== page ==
We’ve just passed the winter solstice but I don’t think the cold weather is going to disappear completely. So on those nights when the chill creeps into your bones and you’d like a nice glass of wine to help you warm up I thought I’d add another log to your wine fire. Sure, you can go through all the cliches of Coonawarra Cab, Barossa Shiraz, Cotes du Rhone. They are all excellent choices and suit classic winter fare. BUT what if you want to have something different to eat? Or just want to try a different wine with your winter dishes? You need Roussanne (ROO- sahn).
Is a viscous, low acid, moderate to high perfume. Reminiscent of aloe vera, stone fruits and some skins/lees savoury notes. It is one of the grapes, along with Marsanne, that add sobriety to the Rhone Valley’s ostentatious Viognier grape. Without their flamboyant partner the wines tend to be rich, understated but very well balanced. On its own I wouldn’t suggest aging it, but when Viognier and especially Marsanne are blended in the wines do have the ability to evolve and change over the mid term.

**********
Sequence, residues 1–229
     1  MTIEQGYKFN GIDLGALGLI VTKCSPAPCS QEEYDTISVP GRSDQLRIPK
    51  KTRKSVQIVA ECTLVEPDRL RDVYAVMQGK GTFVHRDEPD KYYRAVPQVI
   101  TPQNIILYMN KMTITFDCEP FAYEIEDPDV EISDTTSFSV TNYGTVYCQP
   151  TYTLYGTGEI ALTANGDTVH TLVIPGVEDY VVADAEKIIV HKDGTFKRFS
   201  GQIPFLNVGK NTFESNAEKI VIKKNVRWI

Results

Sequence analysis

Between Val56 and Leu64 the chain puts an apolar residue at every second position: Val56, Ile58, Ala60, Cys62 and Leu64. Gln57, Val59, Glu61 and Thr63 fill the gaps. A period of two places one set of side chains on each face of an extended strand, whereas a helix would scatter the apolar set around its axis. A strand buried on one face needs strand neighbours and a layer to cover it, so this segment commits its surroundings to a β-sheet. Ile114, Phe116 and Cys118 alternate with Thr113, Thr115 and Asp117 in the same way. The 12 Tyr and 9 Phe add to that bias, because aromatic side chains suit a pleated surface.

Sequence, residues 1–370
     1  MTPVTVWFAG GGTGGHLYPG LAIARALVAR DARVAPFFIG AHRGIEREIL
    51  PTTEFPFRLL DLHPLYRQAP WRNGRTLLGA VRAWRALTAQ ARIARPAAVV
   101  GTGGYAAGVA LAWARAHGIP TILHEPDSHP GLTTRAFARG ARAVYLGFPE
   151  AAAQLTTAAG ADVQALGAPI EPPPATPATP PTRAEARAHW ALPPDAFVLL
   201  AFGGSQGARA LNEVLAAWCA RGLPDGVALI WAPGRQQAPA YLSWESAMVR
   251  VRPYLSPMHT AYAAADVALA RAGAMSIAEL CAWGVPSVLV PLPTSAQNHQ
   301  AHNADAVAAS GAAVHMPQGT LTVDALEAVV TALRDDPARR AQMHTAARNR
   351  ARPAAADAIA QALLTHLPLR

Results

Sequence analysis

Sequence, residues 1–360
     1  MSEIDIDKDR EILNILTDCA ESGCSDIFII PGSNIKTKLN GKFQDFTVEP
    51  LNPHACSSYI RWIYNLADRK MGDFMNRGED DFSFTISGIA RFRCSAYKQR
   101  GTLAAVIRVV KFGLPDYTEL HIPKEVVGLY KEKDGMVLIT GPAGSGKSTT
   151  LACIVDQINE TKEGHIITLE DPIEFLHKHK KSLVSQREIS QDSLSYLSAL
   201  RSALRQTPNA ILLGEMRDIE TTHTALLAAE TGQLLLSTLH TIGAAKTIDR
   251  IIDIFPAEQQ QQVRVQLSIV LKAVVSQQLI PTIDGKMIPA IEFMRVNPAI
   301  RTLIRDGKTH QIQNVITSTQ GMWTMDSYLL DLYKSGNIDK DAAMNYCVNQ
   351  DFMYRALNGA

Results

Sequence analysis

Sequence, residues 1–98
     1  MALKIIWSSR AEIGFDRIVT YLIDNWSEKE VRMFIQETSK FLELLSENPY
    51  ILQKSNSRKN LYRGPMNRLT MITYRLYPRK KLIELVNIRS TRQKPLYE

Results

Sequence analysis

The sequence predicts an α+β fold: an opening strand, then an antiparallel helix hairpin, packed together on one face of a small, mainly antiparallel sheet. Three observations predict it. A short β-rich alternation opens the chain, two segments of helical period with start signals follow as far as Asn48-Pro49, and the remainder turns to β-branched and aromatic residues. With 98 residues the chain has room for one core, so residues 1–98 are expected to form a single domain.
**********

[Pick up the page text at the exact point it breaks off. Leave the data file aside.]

The mouthfeel of the wine is a real highlight and we’re lucky that in Australia there are a lot of locals absolutely nailing the style. We also have access to some glorious examples from the Rhone.
What to serve
With Roussanne, I would look to aromatic spices, creamy textures, subtle to moderate flavours. Shellfish are a natural match (Memorably I had a canadian scallop in Aloe Vera sauce with Roussanne), roasted or pureed winter vegies are great. Turkey, pork, ham all work really well too.
What to buy
I’ve been drinking my way through a range of wines from all over the world. My absolute favourites are on the shop here. I’ve chosen them for their authenticity of style and sheer drinking pleasure. Having a range prices helps give context. The Australian examples are equally as good as the French and price is a very good indicator of quality.
To delve deep into the variety you can purchase TWD’s Roussanne Winter 6 pack